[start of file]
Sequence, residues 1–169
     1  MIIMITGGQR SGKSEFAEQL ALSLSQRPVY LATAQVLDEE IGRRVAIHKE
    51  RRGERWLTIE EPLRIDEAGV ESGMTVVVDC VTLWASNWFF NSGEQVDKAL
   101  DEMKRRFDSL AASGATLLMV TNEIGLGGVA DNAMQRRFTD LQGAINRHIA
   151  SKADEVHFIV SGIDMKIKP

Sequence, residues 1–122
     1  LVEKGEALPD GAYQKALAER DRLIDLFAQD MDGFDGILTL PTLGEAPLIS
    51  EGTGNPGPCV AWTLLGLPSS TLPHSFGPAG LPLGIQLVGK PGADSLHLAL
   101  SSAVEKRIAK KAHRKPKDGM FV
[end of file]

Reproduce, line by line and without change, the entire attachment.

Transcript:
Sequence, residues 1–169
     1  MIIMITGGQR SGKSEFAEQL ALSLSQRPVY LATAQVLDEE IGRRVAIHKE
    51  RRGERWLTIE EPLRIDEAGV ESGMTVVVDC VTLWASNWFF NSGEQVDKAL
   101  DEMKRRFDSL AASGATLLMV TNEIGLGGVA DNAMQRRFTD LQGAINRHIA
   151  SKADEVHFIV SGIDMKIKP

Sequence, residues 1–122
     1  LVEKGEALPD GAYQKALAER DRLIDLFAQD MDGFDGILTL PTLGEAPLIS
    51  EGTGNPGPCV AWTLLGLPSS TLPHSFGPAG LPLGIQLVGK PGADSLHLAL
   101  SSAVEKRIAK KAHRKPKDGM FV